Thursday, August 24, 2006

Bits of Byzantium.

The Fatih Siirt Market is located just behind the old Byzantine water aqueduct, which runs across Ataturk Bulevard Between Aksaray and Unkapanı districts. Wherever you go in Istanbul you can find bits of old Byzantium laying around. Old churches were converted into mosques, bits of palaces morphed into workshops or storehouses, some retaining wall incorporated into an apartment foundation. Here is the Aqueduct - which now provides shade for a tea garden behind the market.

Of course, Osman Buryançi is not the only lamb paradise in the Fatih market. There is this place, also good - they serve big flat lavash bread and also lamb stews.

And this one, which i haven't tried yet (we hit this market for lunch every time we come to Istanbul.)

The sign advertises an "Aile Salonu" - a room upstairs for women, families, or mixed seating. Downstairs seating is really for men. Fatih is one of the most conservative Sunni Muslim districts in Istanbul. More women in scarves, a lot of them in black burkas, and men dressed in long coats and wearing skullcaps. Photographers - and tourists - are not common here but Fumie didn't have any problem working. One woman wearing an ankle length coat and scarf approached us and asked if we were journalists. she also was a photographer, she said in perfect English, but it was always difficult to take pictures in Fatih. She said it was probably easier for us since we looked like foreigners. And even conservative Muslims here are still Turks, and their inate graciousness prevents them from hollering at the foreign photographers, which would be normal procedure in East Europe. This is the Çarşamba Pazar (Wednsday Market) in Fatih - a huge food and clothing market that stretches for about a mile.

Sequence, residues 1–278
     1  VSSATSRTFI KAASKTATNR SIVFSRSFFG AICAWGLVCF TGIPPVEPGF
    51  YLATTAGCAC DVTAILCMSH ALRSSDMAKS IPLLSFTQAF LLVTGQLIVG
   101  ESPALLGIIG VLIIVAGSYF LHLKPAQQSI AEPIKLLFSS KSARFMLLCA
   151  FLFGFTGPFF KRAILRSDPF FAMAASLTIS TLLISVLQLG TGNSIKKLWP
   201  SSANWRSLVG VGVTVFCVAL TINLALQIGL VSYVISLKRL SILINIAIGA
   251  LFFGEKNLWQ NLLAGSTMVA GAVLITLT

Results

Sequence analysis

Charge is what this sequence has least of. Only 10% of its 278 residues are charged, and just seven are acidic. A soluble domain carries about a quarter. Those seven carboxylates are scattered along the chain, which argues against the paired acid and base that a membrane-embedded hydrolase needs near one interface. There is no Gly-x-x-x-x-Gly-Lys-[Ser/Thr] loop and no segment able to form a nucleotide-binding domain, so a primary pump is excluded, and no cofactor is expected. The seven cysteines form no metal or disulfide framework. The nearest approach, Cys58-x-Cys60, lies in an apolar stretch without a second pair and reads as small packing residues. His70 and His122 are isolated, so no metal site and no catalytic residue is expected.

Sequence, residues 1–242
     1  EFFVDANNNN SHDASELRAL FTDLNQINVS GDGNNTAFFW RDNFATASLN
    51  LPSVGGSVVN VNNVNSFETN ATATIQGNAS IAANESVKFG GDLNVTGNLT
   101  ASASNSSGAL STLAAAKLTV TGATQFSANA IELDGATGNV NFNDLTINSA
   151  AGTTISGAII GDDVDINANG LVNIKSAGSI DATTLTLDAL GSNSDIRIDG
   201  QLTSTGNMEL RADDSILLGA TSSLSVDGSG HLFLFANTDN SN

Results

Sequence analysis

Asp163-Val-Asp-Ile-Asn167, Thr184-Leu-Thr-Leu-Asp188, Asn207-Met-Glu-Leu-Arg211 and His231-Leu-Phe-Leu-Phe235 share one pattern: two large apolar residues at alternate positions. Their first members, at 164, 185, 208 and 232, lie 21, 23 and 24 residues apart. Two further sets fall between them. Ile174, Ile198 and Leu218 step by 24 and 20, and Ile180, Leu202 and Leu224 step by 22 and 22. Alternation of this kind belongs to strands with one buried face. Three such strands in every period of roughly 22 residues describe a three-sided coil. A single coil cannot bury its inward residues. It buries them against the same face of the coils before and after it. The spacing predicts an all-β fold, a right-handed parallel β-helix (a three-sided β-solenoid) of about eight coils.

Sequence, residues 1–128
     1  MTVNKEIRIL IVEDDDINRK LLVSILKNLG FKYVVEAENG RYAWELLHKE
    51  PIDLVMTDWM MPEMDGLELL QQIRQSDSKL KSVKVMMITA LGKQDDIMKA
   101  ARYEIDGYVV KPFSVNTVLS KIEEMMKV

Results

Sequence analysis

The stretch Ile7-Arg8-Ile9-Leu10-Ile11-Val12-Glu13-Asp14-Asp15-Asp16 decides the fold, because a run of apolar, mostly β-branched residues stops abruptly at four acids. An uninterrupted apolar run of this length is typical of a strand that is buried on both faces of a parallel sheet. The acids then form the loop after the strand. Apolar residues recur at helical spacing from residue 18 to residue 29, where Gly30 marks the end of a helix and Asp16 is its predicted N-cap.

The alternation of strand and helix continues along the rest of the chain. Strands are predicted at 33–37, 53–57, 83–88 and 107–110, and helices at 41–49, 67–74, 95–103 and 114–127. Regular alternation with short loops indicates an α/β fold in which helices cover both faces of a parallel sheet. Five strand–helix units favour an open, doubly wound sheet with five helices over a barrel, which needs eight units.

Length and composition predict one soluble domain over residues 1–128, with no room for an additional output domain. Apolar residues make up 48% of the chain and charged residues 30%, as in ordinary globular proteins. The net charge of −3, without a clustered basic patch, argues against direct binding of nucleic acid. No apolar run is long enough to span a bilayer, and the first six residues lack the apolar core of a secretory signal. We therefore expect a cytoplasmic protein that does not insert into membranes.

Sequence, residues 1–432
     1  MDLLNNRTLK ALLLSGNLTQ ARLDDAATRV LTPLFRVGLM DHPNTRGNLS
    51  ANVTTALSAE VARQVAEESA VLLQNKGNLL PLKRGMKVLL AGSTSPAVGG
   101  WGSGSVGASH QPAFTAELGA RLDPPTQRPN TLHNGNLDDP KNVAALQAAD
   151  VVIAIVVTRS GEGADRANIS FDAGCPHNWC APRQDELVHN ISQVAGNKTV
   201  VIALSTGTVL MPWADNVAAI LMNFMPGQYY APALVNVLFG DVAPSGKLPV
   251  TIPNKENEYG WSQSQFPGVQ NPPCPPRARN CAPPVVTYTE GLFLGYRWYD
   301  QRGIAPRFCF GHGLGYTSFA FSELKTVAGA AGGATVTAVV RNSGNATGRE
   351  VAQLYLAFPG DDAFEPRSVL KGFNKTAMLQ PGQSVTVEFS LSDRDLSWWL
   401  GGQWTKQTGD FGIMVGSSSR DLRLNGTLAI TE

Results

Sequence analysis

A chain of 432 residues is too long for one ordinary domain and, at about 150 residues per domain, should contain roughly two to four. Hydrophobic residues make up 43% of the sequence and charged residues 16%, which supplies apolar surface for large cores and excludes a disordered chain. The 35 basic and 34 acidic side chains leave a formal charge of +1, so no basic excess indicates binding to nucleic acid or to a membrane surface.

After the Market we walked down the hill to the Fener district. Fener used to be one of the main Greek districts of Istanbul, until the anti-Greek riots in 1955 caused the majority of Istanbul's Greeks to emigrate to Greece. Istanbul had 100,000 Greeks in 1955. Today less than 5,000 remain here, mostly elderly people in the Beyoğlu district. The empty real estate they left behind was often occupied by poor internal immigrants from Kurdistan and eastern Turkey.

Fener District is the original home of the Phanariote rulers of Romania and Moldavia - Christian Greeks sent to the Ottoman provinces of Wallachia and Moldavia to rule on behalf of the Sultan in the 18th century.

Walking further west of Fener, you reach Balat, which was one of the original old Jewish neighborhoods. Although the Achrida Synagogue is still here, almost no Jews remain in this district - they mostly moved to Hasköy and then to Şişli and Nisantaşı after the second world war. All though Balat and Fener you can find discraded bits of Byzantium laying around. Here is a bit of the Blachernae Palace, which housed the last Byzantine Emporers.